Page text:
ImageA Pilot approach will often take a subset of KM methods and apply them locally – in contrast to the big bang, which usually takes KM as a whole and attempts to apply it globally.  It’s all about lighting a number of fires to see what spreads.  A pilot enables you to try the aspects of KM most likely to make a difference quickly, to build credibility locally, and to learn from each implementation.  That could mean launching a community of practice for one part of the organisation whilst closing the learning loop on major projects and working on knowledge retention for retiring experts.
Criteria for a successful pilot?

  • capable of showing results (measurable value would be good) within 6 months;
  • strategic;
  • repeatable elsewhere;
  • close to the heart of any key sponsor or stakeholder, and
  • ideally a recognisable part of the organisation (not too esoteric) which will make their story easy to understand.

9. The Buffet Menu

ImageThe success of a buffet approach depends on a high level of demand for knowledge. Rather than investing effort in creating an appetite, or a willingness to experiment – this approach works with the demand already present, and provides an array of tools and techniques which the organisation chooses from at will, once their “palate” is sufficiently educated.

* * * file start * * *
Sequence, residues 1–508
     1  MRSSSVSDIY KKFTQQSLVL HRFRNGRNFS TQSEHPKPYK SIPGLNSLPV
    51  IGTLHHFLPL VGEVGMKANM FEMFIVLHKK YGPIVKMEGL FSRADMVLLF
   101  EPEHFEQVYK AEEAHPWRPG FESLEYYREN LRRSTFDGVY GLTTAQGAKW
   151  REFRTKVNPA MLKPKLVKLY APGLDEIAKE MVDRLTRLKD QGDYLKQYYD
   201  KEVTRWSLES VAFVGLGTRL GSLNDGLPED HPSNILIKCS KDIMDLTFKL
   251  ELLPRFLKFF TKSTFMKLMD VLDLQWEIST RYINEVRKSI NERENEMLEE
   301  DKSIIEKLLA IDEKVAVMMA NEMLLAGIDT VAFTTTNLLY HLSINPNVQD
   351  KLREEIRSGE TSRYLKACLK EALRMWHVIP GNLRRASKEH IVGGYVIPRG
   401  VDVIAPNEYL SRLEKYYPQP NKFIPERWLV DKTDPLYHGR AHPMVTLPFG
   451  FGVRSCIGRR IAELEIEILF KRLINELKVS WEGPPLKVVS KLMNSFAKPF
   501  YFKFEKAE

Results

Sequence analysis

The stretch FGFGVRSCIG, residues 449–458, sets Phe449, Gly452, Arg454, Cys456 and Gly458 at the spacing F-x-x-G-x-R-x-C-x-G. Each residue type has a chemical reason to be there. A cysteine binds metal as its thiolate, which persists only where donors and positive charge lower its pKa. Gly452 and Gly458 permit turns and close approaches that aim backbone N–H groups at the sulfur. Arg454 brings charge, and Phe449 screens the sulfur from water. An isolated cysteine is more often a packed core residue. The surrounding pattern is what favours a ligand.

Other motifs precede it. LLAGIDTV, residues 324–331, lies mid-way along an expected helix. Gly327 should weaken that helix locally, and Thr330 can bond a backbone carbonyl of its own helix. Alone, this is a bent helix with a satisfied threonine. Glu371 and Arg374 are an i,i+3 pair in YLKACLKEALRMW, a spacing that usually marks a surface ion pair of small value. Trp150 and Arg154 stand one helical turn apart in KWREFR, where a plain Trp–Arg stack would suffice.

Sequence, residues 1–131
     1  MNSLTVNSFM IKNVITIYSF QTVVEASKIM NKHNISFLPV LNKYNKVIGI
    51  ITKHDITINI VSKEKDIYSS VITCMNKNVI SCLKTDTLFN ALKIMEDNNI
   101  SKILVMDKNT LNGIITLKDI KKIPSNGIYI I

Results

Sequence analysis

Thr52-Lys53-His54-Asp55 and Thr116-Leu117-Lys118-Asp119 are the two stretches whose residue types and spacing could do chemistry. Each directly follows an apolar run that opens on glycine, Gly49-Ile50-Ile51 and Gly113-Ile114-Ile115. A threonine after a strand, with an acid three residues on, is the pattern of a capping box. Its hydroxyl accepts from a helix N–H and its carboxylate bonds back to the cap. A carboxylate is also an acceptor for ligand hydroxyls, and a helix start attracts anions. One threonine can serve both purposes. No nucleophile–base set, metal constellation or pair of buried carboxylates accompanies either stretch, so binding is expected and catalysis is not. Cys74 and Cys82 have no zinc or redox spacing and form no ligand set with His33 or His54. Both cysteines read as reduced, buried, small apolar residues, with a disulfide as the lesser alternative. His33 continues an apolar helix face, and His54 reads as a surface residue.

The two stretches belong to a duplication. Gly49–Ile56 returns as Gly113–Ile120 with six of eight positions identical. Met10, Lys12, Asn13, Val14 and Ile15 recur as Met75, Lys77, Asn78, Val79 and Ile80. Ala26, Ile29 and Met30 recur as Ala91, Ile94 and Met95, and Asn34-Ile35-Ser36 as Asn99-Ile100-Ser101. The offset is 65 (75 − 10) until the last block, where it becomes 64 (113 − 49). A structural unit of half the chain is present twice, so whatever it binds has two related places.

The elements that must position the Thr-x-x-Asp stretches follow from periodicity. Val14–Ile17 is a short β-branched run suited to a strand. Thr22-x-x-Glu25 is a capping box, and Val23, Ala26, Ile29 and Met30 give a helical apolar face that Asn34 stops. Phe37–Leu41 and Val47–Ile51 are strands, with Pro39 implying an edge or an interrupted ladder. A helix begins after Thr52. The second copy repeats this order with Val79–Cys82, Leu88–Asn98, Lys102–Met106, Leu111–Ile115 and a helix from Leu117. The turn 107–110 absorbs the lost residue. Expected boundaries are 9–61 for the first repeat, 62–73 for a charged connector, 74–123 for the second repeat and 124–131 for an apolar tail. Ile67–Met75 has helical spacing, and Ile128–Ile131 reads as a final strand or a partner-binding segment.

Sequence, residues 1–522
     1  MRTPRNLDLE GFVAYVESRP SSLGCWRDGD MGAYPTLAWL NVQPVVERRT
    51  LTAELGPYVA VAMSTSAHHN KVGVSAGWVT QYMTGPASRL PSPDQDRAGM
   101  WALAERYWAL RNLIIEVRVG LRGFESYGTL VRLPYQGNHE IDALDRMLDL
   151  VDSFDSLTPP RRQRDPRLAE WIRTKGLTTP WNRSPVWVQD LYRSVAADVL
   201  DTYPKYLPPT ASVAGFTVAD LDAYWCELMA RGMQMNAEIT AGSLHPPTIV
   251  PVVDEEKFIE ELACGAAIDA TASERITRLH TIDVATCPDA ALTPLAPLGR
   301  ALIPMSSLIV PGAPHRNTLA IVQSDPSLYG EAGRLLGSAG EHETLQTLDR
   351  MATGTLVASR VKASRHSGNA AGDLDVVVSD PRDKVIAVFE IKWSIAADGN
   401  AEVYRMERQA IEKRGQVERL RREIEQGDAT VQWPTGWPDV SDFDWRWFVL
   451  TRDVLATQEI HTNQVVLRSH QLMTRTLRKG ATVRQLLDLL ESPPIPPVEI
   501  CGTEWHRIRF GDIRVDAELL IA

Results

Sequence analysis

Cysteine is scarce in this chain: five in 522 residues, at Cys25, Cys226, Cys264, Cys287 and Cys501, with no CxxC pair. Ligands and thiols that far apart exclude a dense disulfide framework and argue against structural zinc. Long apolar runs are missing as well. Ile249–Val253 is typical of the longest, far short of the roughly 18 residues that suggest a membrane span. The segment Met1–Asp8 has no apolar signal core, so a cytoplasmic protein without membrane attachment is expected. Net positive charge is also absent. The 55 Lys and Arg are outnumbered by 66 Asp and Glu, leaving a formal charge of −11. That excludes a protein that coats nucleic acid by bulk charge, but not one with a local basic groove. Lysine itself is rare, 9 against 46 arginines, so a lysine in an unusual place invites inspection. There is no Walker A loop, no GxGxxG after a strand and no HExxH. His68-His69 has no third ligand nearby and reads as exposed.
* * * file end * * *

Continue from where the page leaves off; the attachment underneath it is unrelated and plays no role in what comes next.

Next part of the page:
The International Olympic Committee is a great example of this.  They set out a veritable smorgasbord of learning processes, observation visits, secondments, extranet platforms, access to experts, databases, distilled recommendations and lessons learned.  A knowledge feast for a future organising committee, who enter the 7-year process with a tremendous appetite for knowledge.
On a smaller scale (and let’s face it, everything looks small compared to the Olympics!), management consultancies operate their KM programmes using the demand for knowledge which accompanies each new assignment.

Demand-led programmes are more likely to be sustainable – no need to persuade people to change their behaviour – adrenaline drives them to it!

10. Phoenix from the ashes

ImageFor a lot of organisations, KM is not a new idea.  For many of them, there have been several historical big bangs, pilots and copycat initiatives.
Talk with people about what has happened in the past and learn from it.  Corporate KM started in the mid ’90s, so you’ll be looking for people with grey hair (working in KM does that to people). Sometimes just having these conversations can rekindle enthusiasm, tinged with nostalgia.  Why didn’t we make more of that?  What did we lose momentum then?  Perhaps now the timing is better?  Perhaps now, with a new sponsor, or now that we’ve addressed that particular barrier?
It is quite possible for KM to rise, phoenix-like from the ashes and fly higher than it did before.

So whether you’re a viral copycat or a phoenix stealthily approaching a buffet from the outside in, here’s ten options to consider, with a little help from the inaugural UN KMOL class of 2013.

Every so often, it’s good to revisit some of the fundamentals of knowledge management and reflect on their continuing importance to the field.   I’ve been working with several different groups on Communities of Practice and Networks this month, and have taken each group back to Etienne Wenger’s definition from Cultivating Communities of Practice:Monument by Frans Persoon